The Project for Excellence in Journalism has released its State of the News Media 2006
report, and boy, does it have a lot to say.
Here are a few of the general statements:Blogs:
"But contrary to the charge that the blogosphere is purely parasitic, we also found new topics here, and new angles on old ones. Indeed, the blogs were generally less concerned than many traditional journalists with the latest breaking news, and more focused on long-term issues. Yet there was little here that a journalist would call reporting or even sourcing. Only 1% of the posts this day involved a blogger doing an interview, and only another 5% involved some other kind of original research, such as examining documents....It is not citizen journalism in any traditional sense, but something closer to stylized citizen media forum, often with an insider's tone and its own nomenclature."Cable news:
"The reporting, perhaps because of the time to fill rather than despite it, was shallower by our indicators of any national media studied."Network TV:
"The contrast between the network nightly and morning news is so striking that the term network TV news almost seems a misnomer. It makes more sense to talk about nightly news versus morning. The three evening newscasts were virtually identical to each other and very different form their network siblings in the morning."Newspapers:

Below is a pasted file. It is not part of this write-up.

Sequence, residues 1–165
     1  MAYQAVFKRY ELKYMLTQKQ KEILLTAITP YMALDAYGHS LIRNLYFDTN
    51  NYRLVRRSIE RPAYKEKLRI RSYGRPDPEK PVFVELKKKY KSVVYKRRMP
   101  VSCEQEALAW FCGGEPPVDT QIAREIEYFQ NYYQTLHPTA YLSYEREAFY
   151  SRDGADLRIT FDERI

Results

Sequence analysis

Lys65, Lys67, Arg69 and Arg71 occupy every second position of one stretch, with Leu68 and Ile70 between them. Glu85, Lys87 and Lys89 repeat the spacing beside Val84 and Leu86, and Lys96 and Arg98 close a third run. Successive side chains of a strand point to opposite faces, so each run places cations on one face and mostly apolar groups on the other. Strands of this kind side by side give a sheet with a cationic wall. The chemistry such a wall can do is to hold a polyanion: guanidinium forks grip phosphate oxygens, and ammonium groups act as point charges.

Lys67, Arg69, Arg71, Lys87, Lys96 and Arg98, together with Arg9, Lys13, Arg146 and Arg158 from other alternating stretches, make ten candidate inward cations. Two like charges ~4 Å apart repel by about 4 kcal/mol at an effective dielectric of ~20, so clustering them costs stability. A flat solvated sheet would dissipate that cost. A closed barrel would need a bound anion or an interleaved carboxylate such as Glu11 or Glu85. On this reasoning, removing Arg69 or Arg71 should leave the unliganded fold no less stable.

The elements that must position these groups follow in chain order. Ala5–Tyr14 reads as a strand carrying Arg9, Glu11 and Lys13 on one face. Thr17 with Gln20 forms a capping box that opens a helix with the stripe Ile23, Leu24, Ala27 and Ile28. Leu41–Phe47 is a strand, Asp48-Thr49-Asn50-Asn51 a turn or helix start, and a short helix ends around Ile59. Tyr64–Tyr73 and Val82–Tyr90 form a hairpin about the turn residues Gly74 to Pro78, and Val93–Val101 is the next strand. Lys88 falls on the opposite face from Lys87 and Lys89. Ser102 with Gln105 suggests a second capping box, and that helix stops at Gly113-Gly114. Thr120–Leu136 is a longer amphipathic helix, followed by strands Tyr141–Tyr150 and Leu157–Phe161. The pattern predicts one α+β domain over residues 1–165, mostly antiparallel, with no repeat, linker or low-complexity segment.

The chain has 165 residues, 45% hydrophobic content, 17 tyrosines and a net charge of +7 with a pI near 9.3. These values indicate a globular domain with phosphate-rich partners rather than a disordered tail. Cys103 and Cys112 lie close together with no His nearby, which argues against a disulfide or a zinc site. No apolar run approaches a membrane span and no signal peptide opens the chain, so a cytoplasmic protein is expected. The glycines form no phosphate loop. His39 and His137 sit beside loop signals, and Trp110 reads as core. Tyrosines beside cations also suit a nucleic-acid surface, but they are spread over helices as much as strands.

"This is the medium that is covering the most topics, has the deepest sourcing, explored the most angles in stories and for now is supplying most of the content for the Internet...Looming, as readers inevitably shift to acquiring their news online, is the question of what happens to the more complete reporting that additional time affords. And how many boots will be left on the ground if the print editions that pay the bills continue to shrink."Local TV:
"...focused on what news managers apparently thought people could use, traffic and weather, and what they were worried about, accidents and crime...on average, local TV news stories had the shallowest sourcing and explored the fewest angles of events covered of any medium studied except local radio."
The most interesting part of the Project for Excellence's report happens to be a survey, termed A Day in the Life of the News
, of all news coverage that occurred on one specific day ֠May 11, 2005 ֠designed to present a stand-alone picture of the American news media.